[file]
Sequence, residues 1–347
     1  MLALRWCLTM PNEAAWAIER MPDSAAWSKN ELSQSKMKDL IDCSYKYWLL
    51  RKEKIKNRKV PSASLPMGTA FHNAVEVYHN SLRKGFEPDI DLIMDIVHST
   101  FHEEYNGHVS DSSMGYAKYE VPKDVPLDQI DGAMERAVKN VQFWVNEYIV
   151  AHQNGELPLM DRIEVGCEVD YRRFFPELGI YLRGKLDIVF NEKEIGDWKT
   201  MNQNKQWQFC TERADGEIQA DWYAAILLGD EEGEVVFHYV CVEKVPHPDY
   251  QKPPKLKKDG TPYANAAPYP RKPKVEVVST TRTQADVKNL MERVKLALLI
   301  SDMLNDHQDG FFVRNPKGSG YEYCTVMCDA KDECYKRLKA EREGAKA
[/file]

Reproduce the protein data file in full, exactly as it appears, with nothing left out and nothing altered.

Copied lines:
Sequence, residues 1–347
     1  MLALRWCLTM PNEAAWAIER MPDSAAWSKN ELSQSKMKDL IDCSYKYWLL
    51  RKEKIKNRKV PSASLPMGTA FHNAVEVYHN SLRKGFEPDI DLIMDIVHST
   101  FHEEYNGHVS DSSMGYAKYE VPKDVPLDQI DGAMERAVKN VQFWVNEYIV
   151  AHQNGELPLM DRIEVGCEVD YRRFFPELGI YLRGKLDIVF NEKEIGDWKT
   201  MNQNKQWQFC TERADGEIQA DWYAAILLGD EEGEVVFHYV CVEKVPHPDY
   251  QKPPKLKKDG TPYANAAPYP RKPKVEVVST TRTQADVKNL MERVKLALLI
   301  SDMLNDHQDG FFVRNPKGSG YEYCTVMCDA KDECYKRLKA EREGAKA